• Disease-based (4): AIDS and Related Research (AARR); Infectious Diseases and Microbiology (IDM); Oncological Sciences (ONC);  Surgical Sciences, Biomedical Imaging and Bioengineering (SBIB)
    • Neurological (3): Brain Disorders and Clinical Neuroscience (BDCN); Integrative, Functional and Cognitive Neuroscience (IFCN); Molecular, Cellular and Developmental Neuroscience (MDCN)
    • Behavioral/Social (3): Biobehavioral and Behavioral Processes (BBBP); Health of the Population (HOP); Risk Prevention and Health Behavior (RPHB)
  • 14. Our Agenda
    • Shorten the review cycle
    • Address concern that clinical research is not properly evaluated
    • Improve the assessment of innovative, high- risk/high-reward research
    • Do more to recruit and retain more high-quality reviewers
  • 15. Our Agenda
    • Shorten the review cycle
  • 16. Shortening the NIH Review Cycle, Initial Steps
    • Pilot study with ~600 new investigators in 40 study sections who may revise and resubmit for the very next review cycle 4 months earlier than before
    • (Effective Feb 06)
    • Summary statements posted within one month after the study section meeting
  • 17. Short Review Cycle Pilot of New Investigator R01 Applications 86 631 Number 14% Amended and Submitted for the Next Round 100% Reviewed in Pilot Percent New Investigator R01 Applications
  • 18. R01 A1 Resubmissions in the Next Round
  • 19. Our Agenda
    • Shorten the review cycle
    • Address concern that clinical research is not properly evaluated
  • 20. 17.56 22.07 M. Martin, CSR/NIH/DHHS
  • 21. Our Agenda
    • Shorten the review cycle
    • Address concern that clinical research is not properly evaluated
    • Improve the assessment of innovative, high- risk/high-reward research
  • 22. Our Agenda
    • Shorten the review cycle
    • Address concern that clinical research is not properly evaluated
    • Improve the assessment of innovative, high- risk/high-reward research
    • Do more to recruit and retain more high-quality reviewers
  • 23. Applications Received for all of NIH and Applications Referred for CSR Review, FY 1998 - 2006 NIH Applications Applications for CSR Review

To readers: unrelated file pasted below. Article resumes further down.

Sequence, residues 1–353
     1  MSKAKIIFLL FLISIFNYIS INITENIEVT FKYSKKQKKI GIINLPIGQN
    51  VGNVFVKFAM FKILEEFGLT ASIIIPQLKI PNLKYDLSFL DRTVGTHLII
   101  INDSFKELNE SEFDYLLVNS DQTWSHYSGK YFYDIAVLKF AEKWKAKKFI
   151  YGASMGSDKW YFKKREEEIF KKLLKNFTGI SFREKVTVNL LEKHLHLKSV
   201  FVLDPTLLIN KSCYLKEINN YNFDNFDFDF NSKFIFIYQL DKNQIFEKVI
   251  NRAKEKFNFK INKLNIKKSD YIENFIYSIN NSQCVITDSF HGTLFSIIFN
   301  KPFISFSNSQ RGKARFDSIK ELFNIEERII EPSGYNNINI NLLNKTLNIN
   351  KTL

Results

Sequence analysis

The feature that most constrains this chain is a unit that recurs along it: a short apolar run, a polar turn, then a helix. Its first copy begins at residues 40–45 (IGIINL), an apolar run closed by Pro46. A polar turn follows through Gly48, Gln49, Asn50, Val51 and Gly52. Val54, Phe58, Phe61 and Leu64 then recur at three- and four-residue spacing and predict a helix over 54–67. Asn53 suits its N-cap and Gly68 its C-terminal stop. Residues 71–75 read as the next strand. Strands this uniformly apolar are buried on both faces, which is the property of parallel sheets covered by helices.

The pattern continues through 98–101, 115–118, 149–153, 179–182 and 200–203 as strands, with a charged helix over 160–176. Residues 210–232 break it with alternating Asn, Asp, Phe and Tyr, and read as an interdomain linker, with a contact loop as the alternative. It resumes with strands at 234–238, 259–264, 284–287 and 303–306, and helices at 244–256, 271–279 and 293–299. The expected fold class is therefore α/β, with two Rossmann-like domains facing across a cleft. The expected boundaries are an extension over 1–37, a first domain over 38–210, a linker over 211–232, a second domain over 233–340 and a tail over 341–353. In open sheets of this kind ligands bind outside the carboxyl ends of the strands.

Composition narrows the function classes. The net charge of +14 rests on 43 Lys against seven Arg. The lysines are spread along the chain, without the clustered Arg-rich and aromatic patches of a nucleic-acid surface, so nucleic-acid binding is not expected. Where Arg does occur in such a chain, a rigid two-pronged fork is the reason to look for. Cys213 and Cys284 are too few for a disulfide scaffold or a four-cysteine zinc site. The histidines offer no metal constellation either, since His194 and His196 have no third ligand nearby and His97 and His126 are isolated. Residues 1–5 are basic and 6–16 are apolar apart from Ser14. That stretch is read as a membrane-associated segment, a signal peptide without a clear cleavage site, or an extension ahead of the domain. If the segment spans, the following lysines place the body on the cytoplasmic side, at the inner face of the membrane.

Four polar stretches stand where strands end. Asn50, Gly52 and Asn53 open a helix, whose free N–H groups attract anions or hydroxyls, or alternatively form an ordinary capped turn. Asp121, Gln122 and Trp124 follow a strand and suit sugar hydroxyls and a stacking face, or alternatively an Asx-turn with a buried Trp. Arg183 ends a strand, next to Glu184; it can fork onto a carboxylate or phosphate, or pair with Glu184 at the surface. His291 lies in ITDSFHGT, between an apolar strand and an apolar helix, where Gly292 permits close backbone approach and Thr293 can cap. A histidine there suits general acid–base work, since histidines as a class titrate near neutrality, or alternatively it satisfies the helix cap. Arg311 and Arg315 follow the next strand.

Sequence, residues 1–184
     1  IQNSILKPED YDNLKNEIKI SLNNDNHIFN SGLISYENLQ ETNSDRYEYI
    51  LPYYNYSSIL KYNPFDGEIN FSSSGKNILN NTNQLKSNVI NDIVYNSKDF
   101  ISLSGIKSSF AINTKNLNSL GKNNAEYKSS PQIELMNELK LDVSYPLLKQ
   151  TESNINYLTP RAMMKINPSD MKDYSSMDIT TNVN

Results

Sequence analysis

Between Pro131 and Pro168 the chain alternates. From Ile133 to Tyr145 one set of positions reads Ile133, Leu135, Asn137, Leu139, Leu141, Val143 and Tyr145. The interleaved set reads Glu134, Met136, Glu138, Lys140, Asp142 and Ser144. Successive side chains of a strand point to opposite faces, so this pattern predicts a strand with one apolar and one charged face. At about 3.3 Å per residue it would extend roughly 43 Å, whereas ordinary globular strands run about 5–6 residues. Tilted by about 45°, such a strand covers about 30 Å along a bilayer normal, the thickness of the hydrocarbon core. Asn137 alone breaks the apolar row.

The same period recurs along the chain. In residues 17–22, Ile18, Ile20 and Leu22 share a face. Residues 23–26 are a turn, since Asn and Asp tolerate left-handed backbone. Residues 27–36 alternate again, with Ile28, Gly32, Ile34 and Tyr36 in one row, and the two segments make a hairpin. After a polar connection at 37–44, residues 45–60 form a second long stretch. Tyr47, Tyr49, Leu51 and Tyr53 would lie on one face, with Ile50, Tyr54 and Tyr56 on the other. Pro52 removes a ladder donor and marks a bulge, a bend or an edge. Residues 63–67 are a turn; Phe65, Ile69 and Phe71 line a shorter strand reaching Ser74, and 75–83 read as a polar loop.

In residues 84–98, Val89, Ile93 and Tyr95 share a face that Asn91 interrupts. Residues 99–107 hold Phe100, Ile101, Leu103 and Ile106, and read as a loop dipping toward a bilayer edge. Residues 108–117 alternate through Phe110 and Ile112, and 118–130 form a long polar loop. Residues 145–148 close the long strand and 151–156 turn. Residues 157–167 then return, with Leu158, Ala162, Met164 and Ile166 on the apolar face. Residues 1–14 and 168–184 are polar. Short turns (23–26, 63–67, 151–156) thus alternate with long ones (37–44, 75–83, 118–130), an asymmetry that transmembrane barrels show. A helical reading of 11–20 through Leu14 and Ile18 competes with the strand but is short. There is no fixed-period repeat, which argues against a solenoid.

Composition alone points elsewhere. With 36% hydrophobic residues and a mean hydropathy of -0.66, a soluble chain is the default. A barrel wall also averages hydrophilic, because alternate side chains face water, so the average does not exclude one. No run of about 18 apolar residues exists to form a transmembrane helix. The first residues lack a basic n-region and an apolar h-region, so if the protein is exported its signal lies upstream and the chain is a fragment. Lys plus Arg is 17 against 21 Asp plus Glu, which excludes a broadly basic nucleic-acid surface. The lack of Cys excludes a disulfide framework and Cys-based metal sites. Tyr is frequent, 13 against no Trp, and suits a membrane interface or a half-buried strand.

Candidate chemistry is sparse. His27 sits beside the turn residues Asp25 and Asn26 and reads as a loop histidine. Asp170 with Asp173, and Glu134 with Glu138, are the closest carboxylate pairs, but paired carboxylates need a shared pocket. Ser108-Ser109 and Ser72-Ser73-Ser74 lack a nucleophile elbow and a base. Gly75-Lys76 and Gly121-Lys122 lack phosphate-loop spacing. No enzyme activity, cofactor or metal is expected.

• 24. Number of Research Grant Applications/Applicant
  • 25. Growth of R01 Applications Reviewed at CSR vs. Other ICs
  • 26. Growth of R21 Applications Reviewed at CSR vs. Other ICs
  • 27. Institutes and Centers Use R21s Differently
    • R21s fund ~14 types of efforts, such as—
      • Exploratory/developmental research
      • Junior investigators
      • Phase I/II clinical trials
      • International research planning
      • High-risk/payoff research
    • R21s have broad parameters—
      • Award period: 1-3 years
      • Funding allowed: $100K-$450K
      • Research Plan: 10-20 pages
  • 28. Average Number of Applications Per Reviewer October Council Only
  • 29. Academic Rank of All CSR Reviewers Standing and Ad Hoc Combined
  • 30. Reviewers – Current Situation
    • Far too many reviewers on study sections
      • Broader science
      • Decrease in reviewer load
      • Unnecessary
    • Too many ad hoc reviewers
    • Different processes for enlisting chartered and ad hoc members
    • Often too many telephone reviewers
  • 31. Challenges to Recruiting Reviewers
      • Manage the need for 20,000 reviewers
      • Decrease the number of reviewers and increase the quality
      • Increase the number of applications reviewed without extra workload
      • Recruit and retain the best reviewers
      • Have smaller study sections with fewer ad hoc reviewers
  • 32. Possible Approaches for Recruiting and Retaining the Best Reviewers
    • Require less travel by using electronic review modes
  • 33. Expanding Peer Review Platforms
    • Electronic Reviews
    • Telephone Enhanced Discussions
    • Video Enhanced Discussions
    • Asynchronous Electronic Discussions
    Our Goal: 10% of all reviews to be electronic in 2007
  • 34. Electronic Review Methods Number of Applications Reviewed by Year
  • 35. Possible Approaches for Recruiting and Retaining the Best Reviewers
    • Require less travel by using electronic review modes
    • Have shorter meetings
    • Use Various Review Platforms
    • Unscore 40% of the F32s (postdoctoral fellowships)
    • Shorten Applications
  • 36. Size of Grant Applications
    • RO1
    • Will increase number of applications reviewed by reviewers
    • Will decrease the number of reviewers in a study section
    • May be combined with a change in format of the application, more consonant to review criteria
    • Strong support by councils and scientific leadership
    • May result in better focus on significance (and innovation)
  • 37. Trans-NIH Committee to Shorten the Application Chairs Robert Finkelstein, Ph.D. (Co-Chair), NINDS Donald Schneider, Ph.D. (Co-Chair), CSR Members Mary Custer, Ph.D. CSR Ann A. Hagan, Ph.D. NIGMS Craig A. Jordan, Ph.D. NIDCD Sherry Mills, M.D., M.P.H. OER Philip F. Smith, Ph.D. NIDDK Barbara Spalholz NCI Betsy Wilder, Ph.D. NIDDK Alan L. Willard, Ph.D. NINDS
  • 38. Special Thanks